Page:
"Interior Secretary Deb Haaland has recommended in a confidential report that President Biden restore full protections to three national monuments diminished by President Donald Trump, including Utah’s Bears Ears, Grand Staircase-Escalante and a huge marine reserve off New England. The move, described by two people who spoke on the condition of anonymity because it was not yet public, would preserve about 5 million acres of federal land and water.

A broad coalition of conservationists, scientists and tribal activists has urged Biden to expand the Bears Ears and Grand Staircase-Escalante national monuments, which were established by Presidents Barack Obama and Bill Clinton, respectively, to their original boundaries. Trump cut Bears Ears by nearly 85 percent, and Grand Staircase-Escalante almost in half, in December 2017. A year ago, he permitted commercial fishing on the Northeast Canyons and Seamounts Marine National Monument, which removed most of the monument’s protections."
Clay Smith, the American Indian Law Deskbook chief editor, summarizes Indian law decisions assigned headnotes by Westlaw to facilitate the Deskbook’s annual revision.

Please reach out to Clay for questions regarding obtaining a copy of the American Indian Law Deskbook.
Indian Law Case Summaries
All summaries are posted in CWAG's google docs account, accessible through the link below. Should you have any issues with the links, contact Andrea Friedman with any questions.
United States v. Martinez, ___ F.3d ___, 2021 WL 2409396 (10th Cir. June 14, 2021): Sentencing for state-law crime assimilated into the Indian Country Crimes Act incorporates the permissible maximum and minimum incarceration periods under such law for the offense but does not extend to state sentencing schemes. 
In re Application of Enbridge Energy, LP, ___ N.W. ___, 2021 WL 2407855 (Minn. Ct. App. June 14, 2021): Minnesota Public Utility Commission order approving a revised final environmental impact statement, granting a certificate of need, and issuing a routing permit for construction of new oil pipeline was upheld under the judicial review standard prescribed by the state administrative procedure act.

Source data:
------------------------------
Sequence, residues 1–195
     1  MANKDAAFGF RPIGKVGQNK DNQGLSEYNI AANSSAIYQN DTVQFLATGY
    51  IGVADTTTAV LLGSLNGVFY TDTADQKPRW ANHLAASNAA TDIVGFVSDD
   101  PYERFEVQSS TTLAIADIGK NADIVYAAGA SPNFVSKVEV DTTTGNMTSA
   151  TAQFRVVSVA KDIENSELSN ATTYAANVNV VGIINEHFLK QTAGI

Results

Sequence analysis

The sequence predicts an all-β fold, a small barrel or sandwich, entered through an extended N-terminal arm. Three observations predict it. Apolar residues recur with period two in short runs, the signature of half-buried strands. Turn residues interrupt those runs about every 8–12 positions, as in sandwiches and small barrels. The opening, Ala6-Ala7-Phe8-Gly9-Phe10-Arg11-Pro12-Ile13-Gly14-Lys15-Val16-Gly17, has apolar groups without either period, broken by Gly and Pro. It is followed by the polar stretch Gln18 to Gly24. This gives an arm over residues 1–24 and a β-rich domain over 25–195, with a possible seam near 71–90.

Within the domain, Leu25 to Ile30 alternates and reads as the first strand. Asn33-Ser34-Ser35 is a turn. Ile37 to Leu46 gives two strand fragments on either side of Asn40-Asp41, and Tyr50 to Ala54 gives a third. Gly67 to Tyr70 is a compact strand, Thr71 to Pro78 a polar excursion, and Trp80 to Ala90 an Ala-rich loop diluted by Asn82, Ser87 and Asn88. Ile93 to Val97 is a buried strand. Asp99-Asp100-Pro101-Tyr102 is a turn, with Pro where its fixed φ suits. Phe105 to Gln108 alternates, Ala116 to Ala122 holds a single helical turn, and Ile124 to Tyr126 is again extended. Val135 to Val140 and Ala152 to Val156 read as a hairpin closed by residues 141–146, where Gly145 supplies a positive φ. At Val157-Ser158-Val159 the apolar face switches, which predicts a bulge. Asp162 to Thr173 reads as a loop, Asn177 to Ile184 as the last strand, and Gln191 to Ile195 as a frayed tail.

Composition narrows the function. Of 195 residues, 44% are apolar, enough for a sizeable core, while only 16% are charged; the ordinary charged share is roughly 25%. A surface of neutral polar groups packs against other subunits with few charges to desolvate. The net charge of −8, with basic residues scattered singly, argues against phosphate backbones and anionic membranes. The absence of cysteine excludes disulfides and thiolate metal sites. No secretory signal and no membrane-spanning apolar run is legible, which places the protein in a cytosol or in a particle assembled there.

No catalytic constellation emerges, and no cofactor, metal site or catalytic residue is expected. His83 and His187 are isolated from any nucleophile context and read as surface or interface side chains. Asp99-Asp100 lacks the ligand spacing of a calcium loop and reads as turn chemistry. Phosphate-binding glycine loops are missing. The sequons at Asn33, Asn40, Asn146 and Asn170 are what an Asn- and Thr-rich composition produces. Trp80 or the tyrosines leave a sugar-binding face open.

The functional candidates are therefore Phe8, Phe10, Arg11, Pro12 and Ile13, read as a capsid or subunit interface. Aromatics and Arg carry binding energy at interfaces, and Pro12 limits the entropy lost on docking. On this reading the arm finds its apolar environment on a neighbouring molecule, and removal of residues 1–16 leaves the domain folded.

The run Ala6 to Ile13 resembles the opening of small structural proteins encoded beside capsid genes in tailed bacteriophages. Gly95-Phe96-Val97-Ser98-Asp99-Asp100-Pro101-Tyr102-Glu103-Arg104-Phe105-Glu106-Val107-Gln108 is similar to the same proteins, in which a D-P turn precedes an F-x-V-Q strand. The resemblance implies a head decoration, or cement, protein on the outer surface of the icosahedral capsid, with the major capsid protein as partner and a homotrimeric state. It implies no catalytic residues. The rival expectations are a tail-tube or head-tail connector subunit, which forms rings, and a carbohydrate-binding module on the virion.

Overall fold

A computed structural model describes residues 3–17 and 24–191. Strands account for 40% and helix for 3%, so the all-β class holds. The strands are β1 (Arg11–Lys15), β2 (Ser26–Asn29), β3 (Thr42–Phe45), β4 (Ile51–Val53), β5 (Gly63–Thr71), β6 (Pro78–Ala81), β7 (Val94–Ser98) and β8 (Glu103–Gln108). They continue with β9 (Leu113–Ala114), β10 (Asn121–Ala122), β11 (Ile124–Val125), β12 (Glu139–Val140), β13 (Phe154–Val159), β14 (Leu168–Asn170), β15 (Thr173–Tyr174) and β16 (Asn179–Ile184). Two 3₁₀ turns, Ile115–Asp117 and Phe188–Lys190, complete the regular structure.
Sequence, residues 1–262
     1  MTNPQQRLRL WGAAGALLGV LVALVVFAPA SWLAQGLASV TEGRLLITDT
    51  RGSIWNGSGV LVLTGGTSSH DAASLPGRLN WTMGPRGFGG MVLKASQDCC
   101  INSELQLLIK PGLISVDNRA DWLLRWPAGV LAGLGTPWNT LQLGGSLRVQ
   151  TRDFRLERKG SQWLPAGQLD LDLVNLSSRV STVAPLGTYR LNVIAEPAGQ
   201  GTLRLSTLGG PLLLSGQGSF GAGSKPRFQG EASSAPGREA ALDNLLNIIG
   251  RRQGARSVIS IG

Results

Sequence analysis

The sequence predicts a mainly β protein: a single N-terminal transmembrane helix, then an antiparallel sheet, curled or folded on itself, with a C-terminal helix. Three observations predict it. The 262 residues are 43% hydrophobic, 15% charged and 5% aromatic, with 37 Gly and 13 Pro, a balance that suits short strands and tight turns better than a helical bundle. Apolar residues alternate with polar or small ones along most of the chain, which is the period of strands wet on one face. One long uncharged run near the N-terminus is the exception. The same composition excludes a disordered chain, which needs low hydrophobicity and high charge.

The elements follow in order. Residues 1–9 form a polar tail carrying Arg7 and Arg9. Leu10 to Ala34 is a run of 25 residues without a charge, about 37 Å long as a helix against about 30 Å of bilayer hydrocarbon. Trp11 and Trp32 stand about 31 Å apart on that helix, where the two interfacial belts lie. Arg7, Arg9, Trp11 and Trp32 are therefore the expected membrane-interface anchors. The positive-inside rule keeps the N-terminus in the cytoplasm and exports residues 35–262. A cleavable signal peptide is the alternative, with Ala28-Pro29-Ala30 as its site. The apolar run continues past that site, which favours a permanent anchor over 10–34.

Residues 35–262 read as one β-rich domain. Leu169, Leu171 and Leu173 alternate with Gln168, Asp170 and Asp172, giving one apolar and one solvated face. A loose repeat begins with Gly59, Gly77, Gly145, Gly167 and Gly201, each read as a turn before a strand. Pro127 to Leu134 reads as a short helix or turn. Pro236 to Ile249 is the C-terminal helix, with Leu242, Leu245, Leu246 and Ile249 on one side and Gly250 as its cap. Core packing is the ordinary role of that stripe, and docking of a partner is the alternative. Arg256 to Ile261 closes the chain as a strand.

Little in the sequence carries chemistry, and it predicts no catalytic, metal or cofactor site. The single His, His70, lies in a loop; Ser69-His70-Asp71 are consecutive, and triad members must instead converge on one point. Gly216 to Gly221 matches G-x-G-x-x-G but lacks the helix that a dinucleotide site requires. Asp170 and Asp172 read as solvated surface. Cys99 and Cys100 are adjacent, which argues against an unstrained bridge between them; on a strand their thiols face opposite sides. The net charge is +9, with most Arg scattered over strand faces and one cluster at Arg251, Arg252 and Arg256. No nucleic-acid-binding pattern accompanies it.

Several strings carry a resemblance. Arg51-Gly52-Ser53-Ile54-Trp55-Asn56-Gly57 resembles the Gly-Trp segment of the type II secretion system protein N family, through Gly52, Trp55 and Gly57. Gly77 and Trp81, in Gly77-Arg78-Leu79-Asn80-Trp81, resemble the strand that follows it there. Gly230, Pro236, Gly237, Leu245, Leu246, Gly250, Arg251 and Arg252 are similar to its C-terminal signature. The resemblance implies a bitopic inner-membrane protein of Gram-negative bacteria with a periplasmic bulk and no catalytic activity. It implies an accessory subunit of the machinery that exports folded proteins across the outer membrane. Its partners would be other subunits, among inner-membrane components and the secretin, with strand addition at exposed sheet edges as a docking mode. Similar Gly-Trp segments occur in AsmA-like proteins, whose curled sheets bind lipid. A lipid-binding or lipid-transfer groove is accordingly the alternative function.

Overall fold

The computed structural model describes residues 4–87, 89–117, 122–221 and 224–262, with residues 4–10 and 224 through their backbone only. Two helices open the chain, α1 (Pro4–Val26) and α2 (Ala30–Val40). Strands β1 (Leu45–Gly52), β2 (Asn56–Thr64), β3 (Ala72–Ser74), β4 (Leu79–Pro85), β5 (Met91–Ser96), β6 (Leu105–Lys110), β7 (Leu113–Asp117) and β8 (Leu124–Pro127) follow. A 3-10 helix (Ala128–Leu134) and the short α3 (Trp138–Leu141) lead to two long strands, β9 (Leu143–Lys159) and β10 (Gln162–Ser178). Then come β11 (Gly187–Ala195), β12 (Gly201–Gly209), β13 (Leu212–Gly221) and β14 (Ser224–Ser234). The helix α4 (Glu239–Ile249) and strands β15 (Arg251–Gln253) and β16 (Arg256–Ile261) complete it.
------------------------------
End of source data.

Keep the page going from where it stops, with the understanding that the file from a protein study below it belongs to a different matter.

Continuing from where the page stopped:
Big Sandy Rancheria Enterprises v. Bonta, ___ F.3d ___, 2021 WL 248226 (9th Cir. June 16, 2021): Tribal corporation chartered under IRA section 17 did not constitute an “Indian tribe or band with a governing body duly recognized by the Secretary of the Interior” under 28 U.S.C. § 1362 and thereby was subject to the Tax Injunction Act’s prohibition against challenges to the validity of a state cigarette excise tax. The corporation also failed to state a claim with respect to several other state tobacco regulatory statutes under federal common law standards or the Indian Trader Statutes.
AG Alliance Cannabis Newsletter

If you are interested in following cannabis law developments, please sign up for the AG Alliance cannabis newsletter by emailing Cole White at
Western Attorneys General Litigation Action Committee
CWAG oversees and coordinates the Western Attorneys General Litigation Action Committee (WAGLAC), which consists of assistant attorneys general involved in litigation related to the environment, natural resources, public lands and Indian law. WAGLAC was formed over 40 years ago and meets three times per year to discuss the latest developments in these areas of the law. AGO staff gain important contacts throughout the country in these important areas of the law.
Contributions For WAGLAC Newsletter
We rely on our readers to send us links for the WAGLAC Newsletter. If you have or know of a recent (published in the last two weeks) case, statute or article relating to natural resources, environment, Indian law or federalism that you would like us to consider for inclusion in the Newsletter, please send it to Clive Strong. For a complete database of all previously published WAGLAC newsletters, please follow the link below.